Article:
Wyre Piddle is a village and civil parish (population c600) in the Wychavon district of Worcestershire which sits prettily on the bank of the River Avon, near to Pershore in South Worcestershire. The Village has many active Community Groups and a forward looking Parish Council served by some enthusiastic and hard working Councillors.
The village has the distinction of being mentioned in Parliament thanks to a long struggle by the local inhabitants to obtain a bypass. The Wyre Piddle Bypass was eventually completed in December 2002. The construction of the bypass inspired local archaeologists to survey the area which resulted in the discovery of the remains of a Bronze Age cremation cemetery, a Bronze Age farm enclosure and a Romano-British farmstead dating from the 1st to the 4th century AD. The village was also the site of the discovery of the Wyre Piddle Hoard in 1967, a cache of silver coins deposited in a jug sometime around the year 1470, some from as early as 1280 and none later than 1467.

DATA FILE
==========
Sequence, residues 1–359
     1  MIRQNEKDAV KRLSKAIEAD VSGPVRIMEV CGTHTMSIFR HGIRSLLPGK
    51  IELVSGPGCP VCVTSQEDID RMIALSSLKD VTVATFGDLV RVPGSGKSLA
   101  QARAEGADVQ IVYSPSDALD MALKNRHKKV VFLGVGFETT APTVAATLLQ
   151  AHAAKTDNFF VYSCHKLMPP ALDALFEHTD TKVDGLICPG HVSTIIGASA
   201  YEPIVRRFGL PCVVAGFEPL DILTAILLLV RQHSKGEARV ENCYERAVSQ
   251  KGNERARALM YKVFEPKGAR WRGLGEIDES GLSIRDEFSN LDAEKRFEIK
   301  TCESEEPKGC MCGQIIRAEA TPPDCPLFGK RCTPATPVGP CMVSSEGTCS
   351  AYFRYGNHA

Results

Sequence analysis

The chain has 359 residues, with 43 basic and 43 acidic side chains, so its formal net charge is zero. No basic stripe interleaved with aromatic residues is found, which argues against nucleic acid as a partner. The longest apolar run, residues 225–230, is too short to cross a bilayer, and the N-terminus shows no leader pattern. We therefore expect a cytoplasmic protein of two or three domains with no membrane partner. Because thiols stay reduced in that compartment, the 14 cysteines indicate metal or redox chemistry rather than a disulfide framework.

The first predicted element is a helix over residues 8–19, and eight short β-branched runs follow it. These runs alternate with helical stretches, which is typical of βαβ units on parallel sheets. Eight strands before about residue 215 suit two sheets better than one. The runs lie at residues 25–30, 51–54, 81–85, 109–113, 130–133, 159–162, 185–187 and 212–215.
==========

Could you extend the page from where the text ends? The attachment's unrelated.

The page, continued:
As regards the village's name, the Wyre portion comes from the Wyre Forest whose name is derived from the Celtic 'gweyr' for 'winding' whilst the Piddle Brook, which runs through the village is a tributary of the River Avon. Piddle in this regard has nothing to do with the nineteenth century slang term, but rather comes from the Old English 'pidele' meaning marsh or fen.
Contact the Parish Council